A right combination of colors, a perfect variation of lines and angles, and a precise proportion of each shape constitute a very attractive model of beauty. As mentioned earlier, man’s mentality evolves and changes. Our judgment for beauty deepens together with our intellect. Our feelings towards pieces of architecture vary overtime depending on the type of piece. We may have an understanding tolerance for a house or a store lacking in repairs but we don’t give considerations to a government hall, a church, or a huge commercial building to become less than what they were originally created for.
There are certain levels of judgment applied to different degrees of art. An architecture that houses, sustains, and encompasses a great number of dwellers requires greater attention and care for beauty and its preservations. Judgment is not only based in evolving intellects and mentality. So, too, can our emotions and beliefs towards certain things affect our taste for beauty. Religious biases, political dissents, racial and intellectual discriminations among other things provide a pre-conceived notion of how we view and react to things and objects.
The grandeur of the Vatican may look commanding and dominant for others who see Catholicism as not entirely the perfect religion around. The White House may disgust other countries because of the government’s overbearing tactics in war. Even the handsomely restored Germany may forever be treated with dread and despise by the Jews affected by the nightmares of the holocaust. This is what the great German philosopher Immanuel Kant pointed out (Internet Encyclopedia of Philosophy, 2006). Man simply has this idea inside his head about a certain object. Through these ideas he forms his judgment and reactions to it.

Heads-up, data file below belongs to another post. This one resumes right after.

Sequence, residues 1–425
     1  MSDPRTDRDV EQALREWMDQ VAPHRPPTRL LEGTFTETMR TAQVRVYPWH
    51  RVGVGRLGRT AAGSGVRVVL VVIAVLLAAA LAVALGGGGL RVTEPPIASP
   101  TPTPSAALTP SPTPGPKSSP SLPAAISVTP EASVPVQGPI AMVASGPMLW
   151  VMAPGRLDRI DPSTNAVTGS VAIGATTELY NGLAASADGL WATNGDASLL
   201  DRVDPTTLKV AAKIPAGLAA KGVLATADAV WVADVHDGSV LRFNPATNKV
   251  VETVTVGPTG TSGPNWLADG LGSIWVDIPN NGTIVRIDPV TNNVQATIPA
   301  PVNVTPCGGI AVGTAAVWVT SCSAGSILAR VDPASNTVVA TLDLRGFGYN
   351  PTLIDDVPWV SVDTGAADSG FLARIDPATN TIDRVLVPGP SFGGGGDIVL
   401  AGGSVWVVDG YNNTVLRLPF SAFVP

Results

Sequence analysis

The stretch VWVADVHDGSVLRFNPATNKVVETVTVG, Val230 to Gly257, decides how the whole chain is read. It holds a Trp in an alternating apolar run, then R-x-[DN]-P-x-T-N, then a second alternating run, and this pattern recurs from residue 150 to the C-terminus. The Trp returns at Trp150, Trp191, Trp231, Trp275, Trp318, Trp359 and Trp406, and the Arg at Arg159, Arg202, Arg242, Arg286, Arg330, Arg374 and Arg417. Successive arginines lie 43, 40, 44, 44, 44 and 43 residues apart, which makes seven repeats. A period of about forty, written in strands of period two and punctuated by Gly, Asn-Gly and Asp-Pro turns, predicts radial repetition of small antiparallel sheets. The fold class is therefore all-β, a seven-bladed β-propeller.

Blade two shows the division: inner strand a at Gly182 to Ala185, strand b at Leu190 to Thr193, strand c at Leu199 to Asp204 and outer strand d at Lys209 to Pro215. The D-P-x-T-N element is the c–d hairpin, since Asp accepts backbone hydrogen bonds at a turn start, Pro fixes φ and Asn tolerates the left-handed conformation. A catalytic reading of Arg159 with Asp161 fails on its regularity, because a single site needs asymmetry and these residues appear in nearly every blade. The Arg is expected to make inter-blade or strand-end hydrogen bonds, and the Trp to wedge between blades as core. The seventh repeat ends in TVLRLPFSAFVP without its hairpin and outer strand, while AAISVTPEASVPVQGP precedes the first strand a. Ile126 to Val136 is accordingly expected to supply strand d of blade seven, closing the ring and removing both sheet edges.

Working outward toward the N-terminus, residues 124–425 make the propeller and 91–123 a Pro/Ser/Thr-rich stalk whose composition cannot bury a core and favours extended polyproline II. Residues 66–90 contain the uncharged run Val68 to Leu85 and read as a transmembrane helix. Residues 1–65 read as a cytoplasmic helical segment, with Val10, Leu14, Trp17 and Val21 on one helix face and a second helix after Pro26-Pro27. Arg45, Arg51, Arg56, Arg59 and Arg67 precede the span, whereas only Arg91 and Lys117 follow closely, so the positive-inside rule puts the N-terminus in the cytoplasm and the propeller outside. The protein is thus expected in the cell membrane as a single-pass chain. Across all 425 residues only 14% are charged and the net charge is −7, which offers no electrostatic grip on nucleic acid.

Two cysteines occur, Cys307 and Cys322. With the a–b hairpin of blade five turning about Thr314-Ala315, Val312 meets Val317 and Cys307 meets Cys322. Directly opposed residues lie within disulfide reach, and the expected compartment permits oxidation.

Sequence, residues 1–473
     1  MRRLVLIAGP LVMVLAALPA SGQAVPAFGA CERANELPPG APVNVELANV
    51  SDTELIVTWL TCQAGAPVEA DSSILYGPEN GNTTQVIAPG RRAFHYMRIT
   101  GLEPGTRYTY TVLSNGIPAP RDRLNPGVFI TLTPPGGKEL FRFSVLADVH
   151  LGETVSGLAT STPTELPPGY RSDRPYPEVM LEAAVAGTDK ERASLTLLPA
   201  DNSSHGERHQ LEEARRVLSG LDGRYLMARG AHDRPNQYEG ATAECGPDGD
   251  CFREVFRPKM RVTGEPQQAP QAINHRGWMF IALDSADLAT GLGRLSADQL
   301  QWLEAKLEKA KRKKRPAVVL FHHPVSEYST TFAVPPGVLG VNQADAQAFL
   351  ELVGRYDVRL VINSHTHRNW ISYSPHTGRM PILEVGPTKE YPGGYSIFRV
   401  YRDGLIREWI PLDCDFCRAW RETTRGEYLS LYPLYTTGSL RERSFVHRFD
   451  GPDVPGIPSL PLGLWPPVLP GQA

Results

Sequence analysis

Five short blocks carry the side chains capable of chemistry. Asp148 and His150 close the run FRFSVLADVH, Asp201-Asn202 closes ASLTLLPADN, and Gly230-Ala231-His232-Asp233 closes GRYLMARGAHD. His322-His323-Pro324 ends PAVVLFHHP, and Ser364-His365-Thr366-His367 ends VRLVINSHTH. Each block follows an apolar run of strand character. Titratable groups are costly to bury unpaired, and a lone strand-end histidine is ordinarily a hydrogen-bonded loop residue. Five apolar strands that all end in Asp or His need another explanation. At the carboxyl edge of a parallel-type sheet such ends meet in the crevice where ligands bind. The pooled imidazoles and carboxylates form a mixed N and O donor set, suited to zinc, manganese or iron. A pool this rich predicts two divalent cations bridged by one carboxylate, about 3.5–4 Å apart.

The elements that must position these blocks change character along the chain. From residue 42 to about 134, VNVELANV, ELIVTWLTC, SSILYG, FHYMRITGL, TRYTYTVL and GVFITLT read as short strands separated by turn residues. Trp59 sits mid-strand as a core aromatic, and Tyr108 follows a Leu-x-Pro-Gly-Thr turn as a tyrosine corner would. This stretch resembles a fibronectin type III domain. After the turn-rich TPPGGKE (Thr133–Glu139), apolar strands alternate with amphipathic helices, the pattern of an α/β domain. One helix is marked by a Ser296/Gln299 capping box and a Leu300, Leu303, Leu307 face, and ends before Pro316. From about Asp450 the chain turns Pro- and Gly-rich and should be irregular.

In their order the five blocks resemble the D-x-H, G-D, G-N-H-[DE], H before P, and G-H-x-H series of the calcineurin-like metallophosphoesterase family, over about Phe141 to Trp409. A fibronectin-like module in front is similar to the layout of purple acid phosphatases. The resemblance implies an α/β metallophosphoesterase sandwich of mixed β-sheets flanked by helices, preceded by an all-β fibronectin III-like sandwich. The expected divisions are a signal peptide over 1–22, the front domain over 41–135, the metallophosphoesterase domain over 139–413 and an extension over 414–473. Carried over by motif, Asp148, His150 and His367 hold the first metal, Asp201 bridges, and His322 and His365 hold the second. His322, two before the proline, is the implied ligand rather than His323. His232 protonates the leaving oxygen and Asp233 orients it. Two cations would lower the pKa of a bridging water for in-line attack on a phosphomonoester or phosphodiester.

So when the object has been made visible in front of his eyes, he already discerns it as beautiful or ugly. There is none of the hard work done in a careful assessment and scrutiny of every tiny detail. According to Kant, there are at least four factors to consider in making a judgment of beauty. A man has to experience joy and delight in something he sees as beautiful. The perfect blend of colors in a rainbow makes him smile that is why he calls it beautiful. Our judgment has to agree with almost everyone else, in fact with the whole universe, making the object universal.
The object has to have a role to play other than for display and viewing and creation simply has to serve its purpose that it has been designed for. In Kant’s Critique of Judgment, he emphasized the importance of an experience of observing beauty before judgments as to how and why it is called beautiful are being set up. In Christopher Alexander’s Nature of Order, Book 1: The Phenomenon of Life, he pictures the present generation of architecture as lacking in life (Mehaffy, n. d. ). He blamed architects for the sluggish attitude in designing and constructing buildings.